Italy is easily one of the world’s most culturally enriched destinations to visit, famous for its architecturally wondrous historic cities and its spectacular rural regions boasting awe-inspiring natural landscapes. But it’s the Italian food that often gets people most excited when planning a trip this incredible country.
In Italy, food is everywhere, and you don’t have to spend big to enjoy high-quality tasty dishes thanks to its vibrant street food culture. Indulging you in whole new world of Italian culinary creativity where affordable and tasty treats can be found on almost every corner, here are some of Italy’s top street food destinations and their most mouth-watering flavours to look out for.
Located in southern Italy, Naples is known to be one of the oldest cities in the world. Unsurprisingly for a city steeped in history, it offers a wealth of ancient sites of cultural significance, including the city centre which is a recognised UNESCO World Heritage Site, and of course, a vibrant food scene developed over thousands of years. While Naples is known for its busy street markets selling fresh produce and other specialty local products, you’ll find delicious ready-to-eat street food served pretty much anywhere.
When in Naples, you must try pizza a portafoglio, which translates to pizza wallet. Pizza a portafoglio is a simple concept based on a Margherita pizza folded into quarters to form a ‘wallet’. Cuoppo is another popular staple on the Naples street food scene – a paper cone filled with deep fried treats from seafood to potato croquettes and arancini. And for a local variation of Italy’s popular arancini, try palla di riso, a deep-fried rice ball filled with vegetables, mozzarella or meat.
Home to one of the world’s oldest universities and the birthplace of the renowned Bolognese sauce, Bologna is a must-visit for foodies with an interest in academic history and medieval and renaissance architecture. Situated in the north of Italy with a unique cityscape which includes the two Towers of Bologna, Asinelli and Garisenda, you’ll discover a range of street food on the city streets and along its famous covered walkways.
Bologna’s popular piadina is certain to catch your eye wandering the streets, being as pleasing to look at as it is to eat. Piadina is a fresh pitta usually filled with Parma ham and soft cheese and is a top choice for those looking for something more substantial on the go. Meanwhile, if you’ve got a sweet tooth, you’ll be delighted to discover that Bologna is the birthplace of the sumptuous crema fritta dessert. Not for the feint hearted, crema fritta is a deep-fried custard with a golden crispy outer shell. And don’t miss the chance to try Crescentina – a favourite of Bologna and the wider Emilia-Romagna region featuring a fried or baked flatbread served with a selection of savoury accompaniments.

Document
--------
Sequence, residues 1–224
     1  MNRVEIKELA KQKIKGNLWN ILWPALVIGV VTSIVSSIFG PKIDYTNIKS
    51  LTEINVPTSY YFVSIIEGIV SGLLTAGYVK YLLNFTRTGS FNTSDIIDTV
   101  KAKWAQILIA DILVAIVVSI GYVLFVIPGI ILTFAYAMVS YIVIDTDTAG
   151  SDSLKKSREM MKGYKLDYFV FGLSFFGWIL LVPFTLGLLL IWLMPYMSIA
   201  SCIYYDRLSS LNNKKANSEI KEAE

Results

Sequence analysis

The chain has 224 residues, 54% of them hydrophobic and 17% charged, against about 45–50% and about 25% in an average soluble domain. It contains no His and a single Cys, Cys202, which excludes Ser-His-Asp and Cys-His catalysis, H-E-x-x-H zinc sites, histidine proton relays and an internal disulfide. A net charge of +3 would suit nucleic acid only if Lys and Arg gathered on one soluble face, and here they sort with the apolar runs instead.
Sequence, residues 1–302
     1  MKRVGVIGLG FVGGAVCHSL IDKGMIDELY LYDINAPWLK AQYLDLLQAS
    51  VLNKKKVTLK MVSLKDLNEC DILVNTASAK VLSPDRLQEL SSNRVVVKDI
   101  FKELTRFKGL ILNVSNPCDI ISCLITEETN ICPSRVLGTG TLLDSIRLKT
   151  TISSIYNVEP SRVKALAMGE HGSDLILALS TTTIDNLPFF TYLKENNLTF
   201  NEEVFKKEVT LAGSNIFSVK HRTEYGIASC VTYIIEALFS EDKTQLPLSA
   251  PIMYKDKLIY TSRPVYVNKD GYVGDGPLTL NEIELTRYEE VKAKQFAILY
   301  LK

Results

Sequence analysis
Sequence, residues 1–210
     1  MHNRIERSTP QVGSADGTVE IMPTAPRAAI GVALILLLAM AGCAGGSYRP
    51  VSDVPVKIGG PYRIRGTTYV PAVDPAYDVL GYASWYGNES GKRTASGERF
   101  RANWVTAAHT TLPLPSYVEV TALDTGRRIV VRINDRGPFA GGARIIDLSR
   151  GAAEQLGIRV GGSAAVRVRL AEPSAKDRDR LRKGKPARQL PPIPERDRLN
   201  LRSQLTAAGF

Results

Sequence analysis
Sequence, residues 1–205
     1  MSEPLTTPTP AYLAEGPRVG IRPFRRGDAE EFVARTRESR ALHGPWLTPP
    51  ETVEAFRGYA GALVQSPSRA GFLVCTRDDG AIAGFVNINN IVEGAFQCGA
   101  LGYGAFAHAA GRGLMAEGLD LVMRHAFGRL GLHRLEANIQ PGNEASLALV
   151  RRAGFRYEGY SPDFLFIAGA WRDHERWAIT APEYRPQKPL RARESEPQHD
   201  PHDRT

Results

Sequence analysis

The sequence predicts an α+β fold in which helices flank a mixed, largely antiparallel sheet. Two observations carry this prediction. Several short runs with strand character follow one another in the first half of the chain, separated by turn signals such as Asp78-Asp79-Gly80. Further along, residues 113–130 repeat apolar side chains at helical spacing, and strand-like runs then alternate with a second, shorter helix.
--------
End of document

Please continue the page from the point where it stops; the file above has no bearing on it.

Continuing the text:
The capital of the northern Liguria region, Genoa is well known for its historic centre which has also earned recognition as a UNESCO World Heritage Site. The city is also famous for its iconic Lanterna – a centuries old lighthouse which stands at the Port of Genoa and is still thought to be one of the world’s tallest. Among visits to the stunning Romanesque-style Genoa Cathedral, the medieval palace of Palazzo Ducale, or its many other historical landmarks, there are a few local street foods you should make time for during your visit.
Well-liked for its thick and chewy texture compared to other regional variations, Genoa focaccia is a simple but fulfilling snack or appetiser usually just seasoned with olive oil and salt, although it can be found served with a variety of toppings including cheese. Don’t miss the chance to try Genoa’s farinata either – a light pancake made with chickpea flour, olive oil and water – or even the freshest fried fish brought to you direct from the harbour.
The capital of Sicily, Palermo’s food scene has been influenced by various civilizations over many centuries from the Romans and Arabs to the Normans and Byzantines. Suffice to say, Palermo is an exciting place to visit for its mix of architecture, including the Cathedral of Monreale and the Arab-Norman Palaces of Zisa and Chuba, and its varied street food culture. Food is absolutely everywhere here, and you can experience all kinds of local flavours by visiting one of Palermo’s marketplaces such as the lively Ballaro, Vucciria, and Capro markets.
For a crispy and satisfying snack, pick up a serving of Palermo’s popular panelle which are chickpea fritters either served on their own or as a filling to a roll or sandwich. And there’s probably no better place to try arancini than during your trip to Palermo. All around the city, these tasty rice balls with their characteristic golden crispy breadcrumb coating are typically filled with a ragu sauce of veal and mozzarella cheese. Sfincione (Sicilian pizza) is also a must for your Palermo street food hit list – distinguished from other pizzas by its thick dough base, caramelised onion and breadcrumb topping and – wait for it – absence of cheese.
Milan is the capital of Italy’s northern Lombardy region and is also affectionately known as one of the fashion capitals of the world, filled with high-end boutiques and home to famous designers. In Milan, you can enjoy the canal side nightlife in the Navigli District, the artistic atmosphere of the Brera District, and of course the variety of local cuisines.
A highlight bite for any visitor to Milan is panzerotti, a deep-fried turnover, much like calzone, filled with tomato, mozzarella or other savoury fillings. The Milanese also love their porchetta sandwich, with porchetta being slices of tender slow roasted pork seasoned with herbs and spices. And when in Milan, don’t miss your chance to cap off your street food feast with a serving of authentic locally made gelato.